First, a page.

Kicking stall walls during feeding times

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Kicking stall walls during feeding times

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    11-27-2012, 10:09 PM
Kicking stall walls during feeding times

My mare Belle has a bad habit of kicking the stall walls during feeding times, especially at morning feeding per my BO. My BO has told me they usually wait till she's done having her kicking fit then go back to feed her, although, I really don't think it's consistent. I'm betting they feed her first so she doesn't act up too much.

The BO told me today, that Belle kicked the latch on the stall door and broke the clip on the chain, then proceeded to slide the latch over and escape.

Here's a pic from tonight, not the best quality. You can see the gate with the latch you slide over. You can't really see the broken clip, but you can see my stud chain wrapped around, hopefully Belle won't kick that too!

When I went over to the barn tonight, my BO had put a bungee cord on the stall door, but I really didn't trust it, so I put a stud chain around it to hold the door till we can replace the clip on the latch.
Does Anyone have any tips or ideas to stop Belle from kicking and doing anymore damage? I actually don't put shoes on her hinds as I'm afraid she'll not only do more damage, but hurt herself.
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    11-27-2012, 10:14 PM
Front or back feet? Kick chains
    11-27-2012, 10:20 PM
No shoes on the back feet. She backs up to the feeder and stall walls and kicks away.
    11-27-2012, 10:23 PM
This begins as one of those things that happens at the wrong time. Perhaps she kicked at an annoying fly just as feed was coming. Aha, if I bang, food comes. The way to undo this is to approach the stall with feed but stop with the first bang, turn your back to her and slowly start walking away. Be prepared for some banging that may get frantic. She will stop and only then do you approach with her feed. If she starts again, turn away again and walk away. Only when she's quiet do you approach the stall and give her her feed. Whoever is feeding must be consistant with this or she will start up again. She will test maybe in a few days or a week or a month and a reminder of what happens is usually enought to stop it forever.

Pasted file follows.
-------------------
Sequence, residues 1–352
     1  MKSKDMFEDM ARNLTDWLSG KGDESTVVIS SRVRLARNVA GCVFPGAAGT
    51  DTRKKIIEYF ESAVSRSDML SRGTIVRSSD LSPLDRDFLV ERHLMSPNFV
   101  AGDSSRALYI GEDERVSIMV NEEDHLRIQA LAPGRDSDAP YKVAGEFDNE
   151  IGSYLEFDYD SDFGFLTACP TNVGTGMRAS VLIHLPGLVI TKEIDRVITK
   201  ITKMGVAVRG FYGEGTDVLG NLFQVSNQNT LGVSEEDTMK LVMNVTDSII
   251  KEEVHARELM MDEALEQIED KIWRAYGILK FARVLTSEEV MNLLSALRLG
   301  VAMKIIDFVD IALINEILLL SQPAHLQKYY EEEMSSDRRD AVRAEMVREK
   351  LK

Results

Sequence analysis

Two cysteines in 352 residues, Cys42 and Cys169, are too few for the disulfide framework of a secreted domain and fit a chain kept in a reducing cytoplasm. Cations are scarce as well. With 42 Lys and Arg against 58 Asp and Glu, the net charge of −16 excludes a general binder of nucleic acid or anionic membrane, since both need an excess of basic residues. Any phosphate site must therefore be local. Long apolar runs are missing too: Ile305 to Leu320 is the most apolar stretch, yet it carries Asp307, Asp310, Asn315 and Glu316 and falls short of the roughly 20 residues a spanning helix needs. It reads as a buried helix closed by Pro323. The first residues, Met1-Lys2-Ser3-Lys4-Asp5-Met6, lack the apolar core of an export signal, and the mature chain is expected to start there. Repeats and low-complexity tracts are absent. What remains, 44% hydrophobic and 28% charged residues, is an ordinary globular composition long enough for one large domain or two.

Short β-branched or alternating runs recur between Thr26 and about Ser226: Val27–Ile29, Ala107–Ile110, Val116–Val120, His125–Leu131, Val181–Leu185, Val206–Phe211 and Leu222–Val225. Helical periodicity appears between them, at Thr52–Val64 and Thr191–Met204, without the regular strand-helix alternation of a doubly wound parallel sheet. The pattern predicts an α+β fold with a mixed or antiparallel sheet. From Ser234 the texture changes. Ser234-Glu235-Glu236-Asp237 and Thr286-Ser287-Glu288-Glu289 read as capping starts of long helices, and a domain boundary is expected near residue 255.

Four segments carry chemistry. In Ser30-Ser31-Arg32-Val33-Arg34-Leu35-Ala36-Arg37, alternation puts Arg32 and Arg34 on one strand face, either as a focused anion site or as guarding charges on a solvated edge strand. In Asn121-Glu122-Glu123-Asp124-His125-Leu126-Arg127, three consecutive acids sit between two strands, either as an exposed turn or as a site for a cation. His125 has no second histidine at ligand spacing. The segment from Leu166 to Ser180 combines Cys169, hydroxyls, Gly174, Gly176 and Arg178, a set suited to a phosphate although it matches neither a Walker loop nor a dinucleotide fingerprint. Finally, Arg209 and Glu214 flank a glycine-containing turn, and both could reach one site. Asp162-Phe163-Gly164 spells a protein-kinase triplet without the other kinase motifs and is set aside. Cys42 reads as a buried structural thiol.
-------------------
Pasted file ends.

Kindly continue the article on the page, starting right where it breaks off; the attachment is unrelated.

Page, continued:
SaddleStrings likes this.
    11-27-2012, 10:24 PM
She does get let out during the day and in at night to eat, btw. Then I usually work or ride her in the evening when I get home.
    11-27-2012, 10:26 PM
Ive had several stall kickers through the years and have tried the withhold feed trick never works. They just keep banging away and than will start banging whenever they see you anywhere near feed.

I've personally had good luck with kick chains.

Stall Kicking by Horses
SaddleStrings likes this.
    11-27-2012, 10:27 PM
I will have to ask my BO if they can try this for a while.
    11-27-2012, 10:30 PM
How long can kick chains be left on? And how long till the horse learns to stop kicking with the chains?
    11-28-2012, 12:24 AM
Super Moderator
We have had the best results with an electric shock collar. We have not had anything else actually stop a horse from kicking and keep it from kicking. Anything else only works when it is put on a horse and as soon as you take chains or the horse shoes that some people put on a horse's pasterns off, the horse just starts kicking again. A shock collar works in a trailer too, in one trip.

Kicking stall walls and trailers can cripple a horse and has crippled many. Capped hocks are just the least of it. A time or two with a shock collar is very effective.

I have never seen a horse return to kicking that was shocked when it kicked. It has worked every time I have used it.
GhostwindAppaloosa likes this.
    11-28-2012, 01:22 AM
A barn I used to work at had 68 stalls, so if anyone kicked it was really obnoxious (feeding grain alone took about 45 minutes, almost all had supplements or different grains), so the barn manager would scrape the pitchfork along the metal bars when they did it and it annoyed them enough to stop, usually.

If there is one that does this because of being impatient of food, it's actually better just to feed them first. They don't put two and two together that they won't get fed any sooner and they should stop. There was a Paint at the barn I used to board at that would go nuts at AM feeding so the barn worker just left his hay right in front of his stall and fed him first thing before the lights came on so he didn't hurt himself.

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